Several things strike the reader during the journey through the book: the remarkable level of detail about Lewis’ experiences at PI; the difficult adulthood that seemed as excruciating as it was inevitable following such a contorted adolescence; and the courage that it must have taken to commit all of it to paper. As Lewis says: “In [Life Inside] I hoped to give something—clues to parents of adolescents, or to adolescents themselves who are in pain. I wanted to let them know that there are kindred spirits—they’re not alone. There is a path out of the dark. If the worst situation in my life can become a positive, it’s like alchemy. It gives me faith that miracles can happen in life.”
Her story is honest and open. As a reader, one could identify with her pain and her experience, even though it is quite different from one’s own. Many of the feelings she describes are universal, which leads us to question society and its definition of insanity. The book is really well-written and vivid, with great attention to physical and emotional detail.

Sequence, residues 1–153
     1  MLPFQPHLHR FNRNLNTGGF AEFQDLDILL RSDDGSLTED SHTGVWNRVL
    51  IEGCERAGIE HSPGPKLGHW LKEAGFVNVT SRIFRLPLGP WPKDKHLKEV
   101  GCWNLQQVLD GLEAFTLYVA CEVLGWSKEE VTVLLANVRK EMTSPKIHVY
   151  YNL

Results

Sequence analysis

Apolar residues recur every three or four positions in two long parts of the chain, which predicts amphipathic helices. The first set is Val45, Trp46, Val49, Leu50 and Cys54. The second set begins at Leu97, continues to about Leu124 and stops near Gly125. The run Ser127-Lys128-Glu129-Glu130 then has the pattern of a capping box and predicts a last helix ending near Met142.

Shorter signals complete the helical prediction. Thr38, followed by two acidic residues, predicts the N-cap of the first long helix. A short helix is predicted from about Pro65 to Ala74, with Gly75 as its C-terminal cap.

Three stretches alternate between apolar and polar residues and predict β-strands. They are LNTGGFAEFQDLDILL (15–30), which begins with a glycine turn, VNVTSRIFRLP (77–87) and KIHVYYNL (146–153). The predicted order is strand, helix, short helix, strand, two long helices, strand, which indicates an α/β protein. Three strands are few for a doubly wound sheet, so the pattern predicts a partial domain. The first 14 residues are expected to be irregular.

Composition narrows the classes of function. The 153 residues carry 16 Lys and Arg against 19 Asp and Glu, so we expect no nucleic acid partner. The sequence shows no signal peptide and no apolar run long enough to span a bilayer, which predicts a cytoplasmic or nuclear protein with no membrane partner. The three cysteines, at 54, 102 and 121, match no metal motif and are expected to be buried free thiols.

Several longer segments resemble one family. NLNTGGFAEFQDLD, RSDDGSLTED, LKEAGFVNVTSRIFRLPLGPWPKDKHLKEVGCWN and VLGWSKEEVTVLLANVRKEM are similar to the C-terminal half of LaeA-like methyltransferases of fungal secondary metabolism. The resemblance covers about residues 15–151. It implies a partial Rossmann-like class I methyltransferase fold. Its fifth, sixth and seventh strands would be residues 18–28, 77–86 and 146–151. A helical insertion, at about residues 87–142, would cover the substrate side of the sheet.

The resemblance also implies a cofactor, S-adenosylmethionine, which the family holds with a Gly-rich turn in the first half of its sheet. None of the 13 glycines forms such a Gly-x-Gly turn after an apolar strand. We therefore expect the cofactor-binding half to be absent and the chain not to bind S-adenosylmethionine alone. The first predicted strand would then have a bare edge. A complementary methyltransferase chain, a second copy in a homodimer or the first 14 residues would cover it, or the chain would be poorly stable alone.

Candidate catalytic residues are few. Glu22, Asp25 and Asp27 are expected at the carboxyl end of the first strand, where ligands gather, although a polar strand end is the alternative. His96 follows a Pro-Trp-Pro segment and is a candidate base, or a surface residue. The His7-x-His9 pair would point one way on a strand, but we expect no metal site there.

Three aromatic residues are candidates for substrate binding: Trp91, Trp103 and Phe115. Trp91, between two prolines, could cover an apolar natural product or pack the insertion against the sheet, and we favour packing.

The story moves quickly (over 30 years in 350 pages), with its main focus how the 27-months in the institution affected Mindy’s life. However, the book also details Mindy’s journey to understand her life, the world around her, her family, and how to create meaning from experience, going beyond “life inside”. Readers who will particularly appreciate this book include lovers of well-wrought prose, and people who feel impaired by something in their past, and cautiously optimistic about their chances of getting over it and/or growing from it.
Life inside received a starred Kirkus Review, and was named 2003 Book of the Year by the American Journal of Nursing. It is a vivid first-person account of the author’s experiences as a rebellious 15-year-old remanded to a psychiatric ward in the late 1960s.